Rasha Mubarak is a powerhouse grassroots activist bringing the fight for Palestinian freedom into mainstream U.S. electoral politics, known among her peers for her hard work, dedication, and integrity.
Raised in the heart of central Florida, Mubarak was the last of five children. Her parents, who are from Hizma and Beit Hanina in Jerusalem, were always active in the political scene, leading Mubarak to be engaged from a very young age. “I mobilized in high school, on the weekends, whenever I had time—I thought everybody did that.” After college, where she studied molecular biology and microbiology, Mubarak worked for various civic engagement and civil rights groups. “A lot of my work started off as Palestine activism. When you see one injustice around you, you’re exposed to other injustices, and from Palestine activism I became active in these other fights for vulnerable and marginalized communities.”
From there, Mubarak soon entered the realm of electoral politics. “When I leaned into civil rights work, I learned that a lot of people were able to make these harmful decisions because of who was in political power. The Arab community in Florida, we were electing people and donating campaigns, but what I still see to this day is that they take our votes and our money, but do not uplift our voices. So then what does collective power look like? How do we hold these elected officials accountable?” It was these questions that led Mubarak to delve deeper, committing her time and energy toward electing people who will uplift and share the voices of the most disenfranchised communities.
Now, Mubarak works full-time fighting injustice across various spheres. She is the Florida Young Democrats National Committee Woman, using her position to “inject movement and people power” into the Democratic party in Florida. She’s been on the receiving end of much hatred and vitriol for her work empowering communities and speaking up for Palestine, but she refuses to bow out. “There’s no doubt that there’s a strong dislike of me in the Democratic party because of my consistent stance on human rights inclusive of Palestinian rights, but when you build relationships—and this is why relationships are so important—people start to listen and understand. Sometimes it’s about teaching our allies how to show up. It’s been hell.”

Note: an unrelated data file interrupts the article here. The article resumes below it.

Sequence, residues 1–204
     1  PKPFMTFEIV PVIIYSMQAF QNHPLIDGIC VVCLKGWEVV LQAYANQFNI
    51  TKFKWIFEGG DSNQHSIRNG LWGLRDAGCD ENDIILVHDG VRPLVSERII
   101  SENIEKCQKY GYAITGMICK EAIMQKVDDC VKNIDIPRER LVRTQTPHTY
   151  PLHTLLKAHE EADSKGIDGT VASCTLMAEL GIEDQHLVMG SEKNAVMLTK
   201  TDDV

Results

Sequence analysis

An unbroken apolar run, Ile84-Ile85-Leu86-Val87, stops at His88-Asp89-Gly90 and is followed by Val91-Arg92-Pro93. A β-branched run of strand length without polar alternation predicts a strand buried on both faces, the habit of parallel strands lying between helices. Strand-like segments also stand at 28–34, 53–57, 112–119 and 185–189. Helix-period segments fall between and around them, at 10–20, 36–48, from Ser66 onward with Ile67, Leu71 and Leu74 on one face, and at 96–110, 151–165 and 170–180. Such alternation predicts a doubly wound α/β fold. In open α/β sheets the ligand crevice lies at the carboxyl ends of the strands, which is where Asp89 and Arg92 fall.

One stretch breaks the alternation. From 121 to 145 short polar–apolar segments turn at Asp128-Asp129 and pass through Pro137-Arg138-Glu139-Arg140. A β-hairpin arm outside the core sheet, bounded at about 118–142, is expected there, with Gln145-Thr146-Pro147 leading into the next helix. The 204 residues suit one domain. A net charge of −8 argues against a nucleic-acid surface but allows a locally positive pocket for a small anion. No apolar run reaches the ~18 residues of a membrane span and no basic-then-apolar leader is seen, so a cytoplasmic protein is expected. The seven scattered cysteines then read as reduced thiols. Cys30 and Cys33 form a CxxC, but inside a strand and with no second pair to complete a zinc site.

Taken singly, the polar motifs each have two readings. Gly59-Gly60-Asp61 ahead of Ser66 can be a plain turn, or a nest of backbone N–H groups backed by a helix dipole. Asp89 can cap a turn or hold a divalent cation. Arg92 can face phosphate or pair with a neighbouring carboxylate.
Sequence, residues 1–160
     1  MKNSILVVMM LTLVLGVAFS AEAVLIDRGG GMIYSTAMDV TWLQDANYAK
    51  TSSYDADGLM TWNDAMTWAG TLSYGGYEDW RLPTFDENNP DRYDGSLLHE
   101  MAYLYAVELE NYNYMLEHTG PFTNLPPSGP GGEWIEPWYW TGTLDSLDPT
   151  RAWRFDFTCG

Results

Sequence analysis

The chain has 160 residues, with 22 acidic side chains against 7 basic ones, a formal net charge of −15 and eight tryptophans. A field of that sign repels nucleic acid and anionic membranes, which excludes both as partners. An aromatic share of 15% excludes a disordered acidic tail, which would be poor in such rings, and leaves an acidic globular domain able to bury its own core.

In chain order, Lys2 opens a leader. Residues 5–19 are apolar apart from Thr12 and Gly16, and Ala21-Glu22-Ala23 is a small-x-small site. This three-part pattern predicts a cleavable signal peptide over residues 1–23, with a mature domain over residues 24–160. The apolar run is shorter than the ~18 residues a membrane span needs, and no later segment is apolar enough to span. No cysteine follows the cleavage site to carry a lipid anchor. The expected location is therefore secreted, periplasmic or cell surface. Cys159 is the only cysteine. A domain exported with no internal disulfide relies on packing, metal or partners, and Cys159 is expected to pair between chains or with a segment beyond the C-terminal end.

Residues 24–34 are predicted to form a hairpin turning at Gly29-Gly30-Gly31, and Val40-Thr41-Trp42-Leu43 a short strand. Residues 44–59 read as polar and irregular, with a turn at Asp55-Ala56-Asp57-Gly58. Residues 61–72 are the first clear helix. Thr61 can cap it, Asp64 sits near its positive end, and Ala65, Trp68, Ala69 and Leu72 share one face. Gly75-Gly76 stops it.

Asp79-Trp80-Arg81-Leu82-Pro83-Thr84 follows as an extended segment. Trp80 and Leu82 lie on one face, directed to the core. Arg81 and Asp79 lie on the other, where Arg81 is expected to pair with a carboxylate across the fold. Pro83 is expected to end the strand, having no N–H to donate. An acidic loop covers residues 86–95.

But the flack Mubarak has received due to her outspoken advocacy for Palestine hasn’t been limited to the right or establishment spaces—she’s received it from progressive organizations as well. “People in progressive orgs were trying to push me out because of the fear of being associated with me. You expect that from the right and from the Democratic establishment, but not from people you fought in the street with, so it was a lot for me to handle.” When Rashida Tlaib and Ilhan Omar were elected in 2018 and viciously attacked for their identities and political positions, many national organizations stood up for them. It was then that people around Mubarak realized they should have been there for her. Still, her commitment has never wavered. “For me, it is never a question of being less Palestinian on any day. It is tiring and exhausting being marginalized even within progressive spaces, but you have the people who show up for you, who show up for your community. Understanding your support system is important. There’s so much power and pain, but there’s also so much growing.”